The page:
Aug 19, 2019 Atlanta: Here student fill The Tech Walkway Monday, August 19, 2019 as the Georgia Institute of Technology (Georgia Tech) began its first day of classes for some 25,000 undergraduate and graduate students in fields ranging from engineering, computing, sciences, business, design, and liberal arts. 3,100 first-year students who begin classes at Tech this week are 43% female. The group comes from 77 countries, 47 states, 1,425 high schools (350 within Georgia), and 96 Georgia counties. JOHN SPINK/JSPINK@AJC.COM

Shooting sparks debate about closing access to Ga. college campuses

Clark Atlanta University student Micah Lee arrived for the first day of school Wednesday morning thinking not only about his classes, but also his safety.

Hours earlier, two Clark Atlanta students and two Spelman College students were shot at an outdoor party near the campus, across the street from the Atlanta University Center Robert W. Woodruff Library. Lee, a junior marketing major, had considered going to the party, which drew students from several area colleges — and the suspected shooter.

The Atlanta University Center is located less than a mile from Mercedes-Benz Stadium and many of downtown Atlanta’s most popular tourist attractions and nightclubs. For many students, the proximity is a benefit. Events at the schools can draw large crowds of both students and community members.

But after Tuesday’s shooting, Lee and other students are reconsidering the open atmosphere of their campus.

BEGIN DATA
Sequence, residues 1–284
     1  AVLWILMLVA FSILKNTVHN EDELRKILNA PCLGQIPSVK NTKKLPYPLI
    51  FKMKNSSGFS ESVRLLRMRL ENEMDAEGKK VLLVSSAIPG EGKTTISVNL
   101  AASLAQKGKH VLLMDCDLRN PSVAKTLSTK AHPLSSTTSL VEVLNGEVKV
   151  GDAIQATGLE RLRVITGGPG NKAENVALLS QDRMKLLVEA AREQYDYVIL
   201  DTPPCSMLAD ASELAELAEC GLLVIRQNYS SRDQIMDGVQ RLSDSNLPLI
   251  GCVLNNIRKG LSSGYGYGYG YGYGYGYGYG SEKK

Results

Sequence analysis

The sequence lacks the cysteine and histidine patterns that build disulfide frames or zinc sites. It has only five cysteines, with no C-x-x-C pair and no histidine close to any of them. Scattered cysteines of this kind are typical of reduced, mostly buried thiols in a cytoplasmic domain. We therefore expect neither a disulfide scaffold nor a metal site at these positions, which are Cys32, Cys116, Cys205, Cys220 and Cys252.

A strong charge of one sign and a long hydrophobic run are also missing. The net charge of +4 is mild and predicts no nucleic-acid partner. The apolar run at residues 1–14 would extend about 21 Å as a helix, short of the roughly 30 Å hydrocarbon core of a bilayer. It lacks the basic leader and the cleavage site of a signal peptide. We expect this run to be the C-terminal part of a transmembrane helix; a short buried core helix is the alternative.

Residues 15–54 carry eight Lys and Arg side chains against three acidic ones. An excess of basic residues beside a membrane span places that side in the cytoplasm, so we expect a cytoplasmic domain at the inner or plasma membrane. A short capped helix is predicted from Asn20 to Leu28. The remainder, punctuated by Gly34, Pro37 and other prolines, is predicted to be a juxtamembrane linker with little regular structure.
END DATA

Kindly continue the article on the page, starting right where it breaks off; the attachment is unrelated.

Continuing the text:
“That might have to change after this,” said Lee.He suggested Clark Atlanta — a private university of about4,000 students — needs to be a “closed campus,” with limited public access to campus events and limited access to the campus from some city streets around the school.

As campus safety has become more of a national concern, so has the debate at some schools about whether to “close” campuses. Federal statistics show crime on college campuses has increased 6% in the last three years. The nine largest colleges and universities in the Atlanta city limits reported slightly more aggravated assaults, burglaries and robberies in 2017, the most recent year available, than they did in 2014, an Atlanta Journal-Constitution review found.

Tuesday’s party, closest to Clark Atlanta’s campus, was organized by promoters who did not receive approval from any of the AUC’s schools.

Sophomore Jasmine Phelps said the shooting was doubtlessly a consequence of Clark’s open campus. “Anyone can get on this campus,” said Phelps, from Seattle. She said she worries about her safety “every day.”

Clark Atlanta increased campus patrols after the shooting, which was technically off-campus, and has ordered officers work 12-hour shifts. Spelman’s president, Mary Schmidt Campbell, said Friday that contractors have been temporarily hired to patrol outside the library.

Three of the four wounded students were released from the hospital and the fourth was recovering, Clark Atlanta’s interim president, Lucille Maugé, said late Thursday. Administrators at both schools have released statements daily since the shootings, but have not granted interviews.

The AUC, like nearly all Georgia colleges, has state-certified officers to patrol its campuses. State lawmakers attempted to address campus crime by creating a law in 2017, after years of debate on the idea, that allows firearms on some portions of public campuses.